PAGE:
The rejected alternative, Code Division Multiple Access, pioneered by Qualcomm, seems by comparison a fantastically demanding and complex technology. Designed to allow every user in the cell to share the same frequency simultaneously without dividing channels into rigid time slots, CDMA works by combining an elaborate coding scheme with difficult dynamic power regulation of mobile units from the cell base station. Mr. Kauser denounced it as a flagrant violation of the laws of physics. But his respect for nature’s law concealed an underappreciation for Moore’s; with processing power doubling every 18 months, the once unimaginable gyrations of CDMA processing could be performed by silicon signal processors that never broke a sweat.
Even so, academic theorists long maintained that for voice CDMA is no more efficient than TDMA — within any given cell. That might have been true in theory, but in practice CDMA is three times as efficient as TDMA for voice while using only 1/20th as much power to transmit. TDMA has tried to close the gap, unsuccessfully, and often at the cost of compromising voice quality.
Stealing away AT&T’s market have been CDMA companies such as Sprint PCS and Vodaphone/Bell Atlantic, whose joint venture will become the market-share leader with double AT&T’s subscribers and revenues.
For AT&T, the worst is yet to come. Inferior as TDMA is for voice, it is essentially worthless for wireless data, the sine qua non of the coming third-generation wireless networks. Data, typically transmitted in brief, variably sized, bandwidth-hogging bursts, plays to CDMA’s dynamic strengths. By contrast, TDMA is incapable of carrying Internet data at any reasonable speed.
By the end of this year the U.S. CDMA companies will begin upgrading to a system that will not only double their voice capacity on the same spectrum — thus increasing their conventional superiority to AT&T’s network — but will also carry data at speeds approximating the best landline dialup connections today. AT&T will have no response as long as it remains a TDMA network.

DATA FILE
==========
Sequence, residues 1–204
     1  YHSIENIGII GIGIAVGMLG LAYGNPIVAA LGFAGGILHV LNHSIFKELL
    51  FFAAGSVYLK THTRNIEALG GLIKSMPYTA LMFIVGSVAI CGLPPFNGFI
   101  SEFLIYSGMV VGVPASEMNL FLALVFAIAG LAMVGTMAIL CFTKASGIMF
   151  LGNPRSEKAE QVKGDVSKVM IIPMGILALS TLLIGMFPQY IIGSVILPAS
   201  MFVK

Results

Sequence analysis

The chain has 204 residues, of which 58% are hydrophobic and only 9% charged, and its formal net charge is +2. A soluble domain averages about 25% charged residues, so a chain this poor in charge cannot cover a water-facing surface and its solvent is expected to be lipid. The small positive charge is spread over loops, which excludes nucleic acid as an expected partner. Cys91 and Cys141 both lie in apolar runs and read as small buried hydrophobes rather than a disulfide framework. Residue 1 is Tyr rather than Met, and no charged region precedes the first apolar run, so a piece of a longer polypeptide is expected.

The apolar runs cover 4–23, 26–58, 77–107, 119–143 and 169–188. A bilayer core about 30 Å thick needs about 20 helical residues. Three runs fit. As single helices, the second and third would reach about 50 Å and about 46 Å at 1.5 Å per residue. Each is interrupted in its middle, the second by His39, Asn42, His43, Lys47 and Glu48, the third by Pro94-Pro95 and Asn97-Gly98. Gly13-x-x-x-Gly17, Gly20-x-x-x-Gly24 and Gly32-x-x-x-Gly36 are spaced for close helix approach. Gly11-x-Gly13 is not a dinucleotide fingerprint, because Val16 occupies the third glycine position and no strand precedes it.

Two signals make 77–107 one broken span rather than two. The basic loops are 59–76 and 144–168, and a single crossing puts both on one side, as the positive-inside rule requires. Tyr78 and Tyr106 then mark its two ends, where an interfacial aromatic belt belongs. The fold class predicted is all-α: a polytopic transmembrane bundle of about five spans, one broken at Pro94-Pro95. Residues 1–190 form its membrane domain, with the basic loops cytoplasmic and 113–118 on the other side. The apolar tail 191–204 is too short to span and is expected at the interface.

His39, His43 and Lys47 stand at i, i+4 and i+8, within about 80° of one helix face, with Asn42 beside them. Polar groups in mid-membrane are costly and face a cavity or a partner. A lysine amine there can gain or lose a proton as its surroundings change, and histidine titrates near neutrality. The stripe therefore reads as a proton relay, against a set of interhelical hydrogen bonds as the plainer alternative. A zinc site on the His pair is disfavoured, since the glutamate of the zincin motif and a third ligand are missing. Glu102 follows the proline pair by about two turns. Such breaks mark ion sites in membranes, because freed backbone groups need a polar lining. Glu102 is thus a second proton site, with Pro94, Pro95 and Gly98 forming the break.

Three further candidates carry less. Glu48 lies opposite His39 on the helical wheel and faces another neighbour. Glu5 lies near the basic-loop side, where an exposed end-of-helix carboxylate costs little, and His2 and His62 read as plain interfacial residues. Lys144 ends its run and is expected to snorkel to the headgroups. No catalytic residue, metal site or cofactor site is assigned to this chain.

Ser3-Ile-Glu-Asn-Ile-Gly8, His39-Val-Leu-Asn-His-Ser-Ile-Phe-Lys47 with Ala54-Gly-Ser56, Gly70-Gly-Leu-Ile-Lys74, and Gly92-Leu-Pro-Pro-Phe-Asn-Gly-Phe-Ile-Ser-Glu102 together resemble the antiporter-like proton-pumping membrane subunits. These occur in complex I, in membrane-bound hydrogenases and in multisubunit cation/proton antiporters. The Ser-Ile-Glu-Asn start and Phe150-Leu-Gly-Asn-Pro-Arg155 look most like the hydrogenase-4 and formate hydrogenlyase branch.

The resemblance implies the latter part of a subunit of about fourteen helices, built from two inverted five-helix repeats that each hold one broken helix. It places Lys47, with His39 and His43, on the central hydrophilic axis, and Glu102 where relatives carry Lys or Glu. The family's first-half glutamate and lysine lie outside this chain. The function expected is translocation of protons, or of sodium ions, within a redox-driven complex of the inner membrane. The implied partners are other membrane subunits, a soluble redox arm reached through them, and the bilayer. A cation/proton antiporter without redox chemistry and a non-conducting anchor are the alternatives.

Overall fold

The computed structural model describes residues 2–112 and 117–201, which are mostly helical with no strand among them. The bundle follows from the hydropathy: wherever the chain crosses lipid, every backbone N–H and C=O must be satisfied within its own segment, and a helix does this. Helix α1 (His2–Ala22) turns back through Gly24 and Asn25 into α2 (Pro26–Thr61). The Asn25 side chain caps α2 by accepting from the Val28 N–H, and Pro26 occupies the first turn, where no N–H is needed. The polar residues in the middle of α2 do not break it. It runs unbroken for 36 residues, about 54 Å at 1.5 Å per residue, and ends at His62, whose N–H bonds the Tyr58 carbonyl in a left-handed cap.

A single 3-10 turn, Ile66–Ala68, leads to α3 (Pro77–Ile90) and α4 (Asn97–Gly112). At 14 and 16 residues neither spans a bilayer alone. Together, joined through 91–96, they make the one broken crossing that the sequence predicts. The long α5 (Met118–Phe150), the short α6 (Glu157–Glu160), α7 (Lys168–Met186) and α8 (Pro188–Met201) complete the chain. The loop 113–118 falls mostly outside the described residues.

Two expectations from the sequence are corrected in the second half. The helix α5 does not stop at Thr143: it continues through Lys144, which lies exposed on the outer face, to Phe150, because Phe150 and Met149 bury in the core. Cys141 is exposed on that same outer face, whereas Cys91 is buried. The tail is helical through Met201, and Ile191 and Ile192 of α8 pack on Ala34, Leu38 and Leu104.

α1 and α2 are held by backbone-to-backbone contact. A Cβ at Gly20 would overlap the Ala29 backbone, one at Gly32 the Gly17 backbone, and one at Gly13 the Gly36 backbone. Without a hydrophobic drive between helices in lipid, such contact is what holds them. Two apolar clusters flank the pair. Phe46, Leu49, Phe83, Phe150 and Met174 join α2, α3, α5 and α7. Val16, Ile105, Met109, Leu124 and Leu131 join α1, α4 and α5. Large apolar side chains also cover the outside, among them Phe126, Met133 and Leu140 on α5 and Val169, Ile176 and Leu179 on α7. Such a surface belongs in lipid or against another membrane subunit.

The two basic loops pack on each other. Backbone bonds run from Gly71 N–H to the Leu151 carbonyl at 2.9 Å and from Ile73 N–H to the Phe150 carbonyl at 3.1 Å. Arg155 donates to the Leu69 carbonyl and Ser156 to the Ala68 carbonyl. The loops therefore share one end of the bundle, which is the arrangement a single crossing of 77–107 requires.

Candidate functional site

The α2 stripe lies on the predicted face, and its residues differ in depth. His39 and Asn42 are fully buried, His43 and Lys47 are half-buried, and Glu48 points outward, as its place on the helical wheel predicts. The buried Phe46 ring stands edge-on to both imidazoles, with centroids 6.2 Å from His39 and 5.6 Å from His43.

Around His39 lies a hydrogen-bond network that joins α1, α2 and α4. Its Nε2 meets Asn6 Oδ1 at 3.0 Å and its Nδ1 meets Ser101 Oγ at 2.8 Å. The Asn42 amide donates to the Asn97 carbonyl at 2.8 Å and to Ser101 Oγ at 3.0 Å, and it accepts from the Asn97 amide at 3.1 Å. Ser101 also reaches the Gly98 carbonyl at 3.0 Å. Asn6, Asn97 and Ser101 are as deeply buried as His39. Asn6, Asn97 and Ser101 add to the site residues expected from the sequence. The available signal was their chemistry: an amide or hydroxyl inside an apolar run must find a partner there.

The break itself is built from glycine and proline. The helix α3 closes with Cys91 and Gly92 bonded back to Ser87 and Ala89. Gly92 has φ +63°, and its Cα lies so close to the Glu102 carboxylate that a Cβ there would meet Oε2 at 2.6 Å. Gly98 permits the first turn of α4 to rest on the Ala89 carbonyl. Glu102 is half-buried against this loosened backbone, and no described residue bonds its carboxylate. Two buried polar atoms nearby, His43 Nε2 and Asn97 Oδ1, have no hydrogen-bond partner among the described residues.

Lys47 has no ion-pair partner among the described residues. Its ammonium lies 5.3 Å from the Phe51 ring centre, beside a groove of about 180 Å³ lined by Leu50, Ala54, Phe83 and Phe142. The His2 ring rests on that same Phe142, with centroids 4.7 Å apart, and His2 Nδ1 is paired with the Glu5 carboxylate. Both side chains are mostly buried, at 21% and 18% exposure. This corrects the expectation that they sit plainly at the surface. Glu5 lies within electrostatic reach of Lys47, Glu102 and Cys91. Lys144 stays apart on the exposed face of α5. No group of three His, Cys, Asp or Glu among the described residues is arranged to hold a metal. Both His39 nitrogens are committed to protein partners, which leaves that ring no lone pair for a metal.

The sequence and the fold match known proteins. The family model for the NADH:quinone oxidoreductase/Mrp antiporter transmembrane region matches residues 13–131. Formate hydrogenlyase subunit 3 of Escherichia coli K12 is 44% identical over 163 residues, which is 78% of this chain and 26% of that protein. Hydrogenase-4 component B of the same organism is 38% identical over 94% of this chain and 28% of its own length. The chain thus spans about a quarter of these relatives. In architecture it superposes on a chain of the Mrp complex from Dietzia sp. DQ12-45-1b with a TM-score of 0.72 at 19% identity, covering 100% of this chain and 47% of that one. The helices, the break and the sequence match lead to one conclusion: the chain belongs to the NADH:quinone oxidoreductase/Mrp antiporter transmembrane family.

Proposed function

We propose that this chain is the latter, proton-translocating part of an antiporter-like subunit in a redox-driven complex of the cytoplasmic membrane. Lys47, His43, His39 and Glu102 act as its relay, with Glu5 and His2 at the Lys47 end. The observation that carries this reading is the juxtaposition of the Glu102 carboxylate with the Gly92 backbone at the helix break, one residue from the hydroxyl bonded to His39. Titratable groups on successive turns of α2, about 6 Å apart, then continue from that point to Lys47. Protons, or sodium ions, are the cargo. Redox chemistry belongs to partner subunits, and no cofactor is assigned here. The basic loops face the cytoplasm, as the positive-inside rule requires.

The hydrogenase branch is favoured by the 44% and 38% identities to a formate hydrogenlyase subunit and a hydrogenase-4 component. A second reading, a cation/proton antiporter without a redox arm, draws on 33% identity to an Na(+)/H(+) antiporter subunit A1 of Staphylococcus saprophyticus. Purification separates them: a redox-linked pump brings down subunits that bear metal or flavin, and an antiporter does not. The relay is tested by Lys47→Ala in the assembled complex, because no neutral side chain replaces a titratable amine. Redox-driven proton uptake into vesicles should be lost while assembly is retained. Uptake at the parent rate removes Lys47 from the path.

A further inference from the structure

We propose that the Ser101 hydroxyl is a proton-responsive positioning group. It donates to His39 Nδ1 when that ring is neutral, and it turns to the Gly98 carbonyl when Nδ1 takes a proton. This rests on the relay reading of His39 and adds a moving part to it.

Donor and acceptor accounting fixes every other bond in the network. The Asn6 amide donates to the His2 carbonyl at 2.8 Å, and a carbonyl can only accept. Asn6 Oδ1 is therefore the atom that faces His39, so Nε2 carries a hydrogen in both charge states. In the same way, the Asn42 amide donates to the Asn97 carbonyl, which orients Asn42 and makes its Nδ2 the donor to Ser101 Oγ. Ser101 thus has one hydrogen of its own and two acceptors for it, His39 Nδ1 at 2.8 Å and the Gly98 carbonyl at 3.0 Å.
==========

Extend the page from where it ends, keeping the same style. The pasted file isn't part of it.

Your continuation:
The only coming option for TDMA networks wishing to deliver robust data is a bit of current vaporware called EDGE, which will not arrive in the U.S. until 2002 if ever. If it does, its data rate of 384 kilobits per second, impressive sounding today, will seem paltry compared to Qualcomm’s High Data Rate system, which is six times as fast.
Today AT&T is pushing not one, or two, but three obsolete and incompatible wireless technologies: mobile TDMA for cellular voice, EDGE TDMA for data, and Angel, its heralded fixed wireless solution. All are costly and unproven and drastically inferior to the coherent upgrade path of the CDMA competition. AT&T should not take solace in the fact that BellSouth and SBC, two of the remaining Baby Bells, seem set to follow their former parent into the TDMA wasteland. AT&T doesn’t have a monopoly anymore.
Ignore Sunk Costs
A cardinal rule of business is that sunk costs are sunk. Unless you ignore them, you sink your business. If AT&T were smart enough to ignore the sunk costs of a foolish and extravagant TDMA mistake, it could once again take the world lead in wireless that Bell Labs long ago conferred. AT&T’s mission should be to add new capacity while upgrading for the new Internet era, all without inconveniencing existing customers.
Just as the current TDMA digital was phased in as an overlay on an analog system, the new CDMA system called 1X multicarrier can be phased in step by step. CDMA would allow AT&T to increase its voice capacity nearly threefold and offer up to 150 kilobits per second of data. Any further available spectrum can be allocated to the High Data Rate system, which allows use of 1.25-megahertz CDMA channels to offer up to two megabits per second of Internet data. Thus customers on the road could plug their laptops into their cell phones and get better Internet connections than they received from their office T1 lines or their residential Digital Subscriber Lines. At the same time, AT&T could replace its moribund Angel Wireless Local Loop technology with the same essential CDMA system.
With AT&T turning to CDMA, the U.S. could command a critical mass of customers that assures the nation global leadership in wireless Internet. As Peter Drucker says, “Don’t solve problems. Pursue opportunities.”